Carlos Correa is headed to the free-spending New York Mets with a $315 million, 12-year contract after his pending deal with the San Francisco Giants came apart over concerns about an ankle injury sustained eight years ago.
The agreement with the Mets was confirmed to The Associated Press on Wednesday by a person familiar with the negotiations who spoke on condition of anonymity because the deal was subject to a successful physical. Correa had reached a $350 million, 13-year agreement with the Giants on Dec. 13.
San Francisco on Monday announced a news conference for the following day, then called it off Tuesday morning and told Correa’s agent, Scott Boras, the team needed more time to examine medical records. Boras asked the Giants to set a deadline to finalize the deal. When a 1 p.m. PST deadline was set and passed, Boras reopened talks with other clubs.
Houston announced on June 25, 2014, that Correa had surgery a day earlier after breaking his right fibula that June 20 while sliding into third base for Class A Lancaster. The injury ended Correa’s season.
Giants President of Baseball Operations Farhan Zaidi confirmed Wednesday there was a concern raised during the physical.
”While we are prohibited from disclosing confidential medical information, as Scott Boras stated publicly, there was a difference of opinion over the results of Carlos’ physical examination,” Zaidi said in a statement. ”We wish Carlos the best.”
Correa, an All-Star and Gold Glove-winning shortstop, would play third base for the Mets, with buddy Francisco Lindor remaining at shortstop.
”We need one more thing, and this is it,” Mets owner Steve Cohen told the New York Post, which first reported details of New York’s agreement. ”This puts us over the top.”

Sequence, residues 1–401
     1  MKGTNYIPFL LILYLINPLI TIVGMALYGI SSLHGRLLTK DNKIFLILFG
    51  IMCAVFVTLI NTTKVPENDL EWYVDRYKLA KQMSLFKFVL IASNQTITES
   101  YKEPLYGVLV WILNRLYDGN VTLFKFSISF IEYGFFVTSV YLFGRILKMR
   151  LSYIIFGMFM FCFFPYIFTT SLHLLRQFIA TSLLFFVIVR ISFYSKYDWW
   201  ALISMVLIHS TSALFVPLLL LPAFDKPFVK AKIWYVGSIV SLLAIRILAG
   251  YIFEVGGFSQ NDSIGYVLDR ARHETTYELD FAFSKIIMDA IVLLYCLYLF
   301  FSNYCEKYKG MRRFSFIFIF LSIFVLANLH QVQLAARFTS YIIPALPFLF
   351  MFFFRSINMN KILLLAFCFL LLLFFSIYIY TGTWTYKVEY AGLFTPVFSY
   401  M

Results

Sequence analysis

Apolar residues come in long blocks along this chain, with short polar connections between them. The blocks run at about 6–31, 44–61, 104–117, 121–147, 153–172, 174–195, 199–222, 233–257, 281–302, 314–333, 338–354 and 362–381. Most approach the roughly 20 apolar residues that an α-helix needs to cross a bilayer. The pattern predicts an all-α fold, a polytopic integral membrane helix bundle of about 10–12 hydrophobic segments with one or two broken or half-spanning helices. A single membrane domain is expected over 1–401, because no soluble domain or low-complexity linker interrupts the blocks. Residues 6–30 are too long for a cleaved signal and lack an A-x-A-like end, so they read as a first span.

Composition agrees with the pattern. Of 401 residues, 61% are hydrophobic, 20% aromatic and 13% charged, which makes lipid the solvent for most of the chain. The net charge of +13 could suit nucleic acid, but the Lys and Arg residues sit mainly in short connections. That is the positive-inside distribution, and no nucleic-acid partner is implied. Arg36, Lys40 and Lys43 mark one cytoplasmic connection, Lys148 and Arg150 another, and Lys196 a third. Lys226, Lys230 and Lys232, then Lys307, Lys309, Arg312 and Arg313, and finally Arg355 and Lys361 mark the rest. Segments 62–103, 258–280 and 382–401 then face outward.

”This really makes a big difference,” Cohen added. ”I felt like our pitching was in good shape. We needed one more hitter.”
New York was in talks with Correa and still pursuing him just before he agreed to sign with the Giants.
”We kind of picked up where we were before and it just worked out,” Cohen told the Post.
Correa’s addition would increase the Mets’ luxury tax payroll next year to about $394 million, putting them on track to pay a record tax of about $120 million – nearly triple the current high of $44 million set by the 2015 Los Angeles Dodgers. The estimates would change if Correa’s deal contains deferred money or if New York trades players.
Correa would cost the Mets $49.88 million next year in salary and tax, if there is no deferred money in the deal.
Major League Baseball and the players’ association instituted a new fourth luxury tax threshold last winter, dubbed the ”Cohen Tax” because it was aimed at the Mets’ owner. The added threshold starts at $293 million in 2023, and the Mets will pay at a 90% rate because they will owe tax for the second straight year.
”I think having two great New York sports teams is phenomenal,” Yankees owner Hal Steinbrenner said Wednesday. ”It’s phenomenal for the city. It’s phenomenal for the rivalry, and I’m all for it. I was hoping we’d both be the last two standing, but it didn’t work out that way on either of ours’ part, but hopefully it does this year.”
The Mets won 101 regular-season games last season, second-most in franchise history, and lost to San Diego in the wild-card playoff round.
Correa, the 2015 AL Rookie of the Year, has a .279 career batting average with 155 homers and 553 RBIs in eight big league seasons. He also has been a stellar postseason performer, with 18 homers and 59 RBIs in 79 games.
Just about the only knock on Correa’s resume is durability. He has played at least 150 games in a season only once because of various injuries.
Correa was a free agent one year ago after leaving the Astros, and he reached a $105.3 million deal with the Minnesota Twins. That agreement gave the two-time All-Star the right to opt out after one year and $35.1 million to hit the market again.
The 28-year-old Correa terminated his deal and went back on the free-agent market.
Correa hit .291 with 22 home runs and 64 RBIs in his one season with Minnesota.
He was selected by Houston with the No. 1 overall pick in the 2012 amateur draft, and played a key role in the Astros’ rise from the bottom of the AL West to the franchise’s first World Series title in 2017.
The Astros’ championship was tainted by a sign-stealing scheme, and Correa has been booed lustily in some cities since the scandal surfaced.
AP Baseball Writers Janie McCauley and Mike Fitzpatrick contributed to this report.
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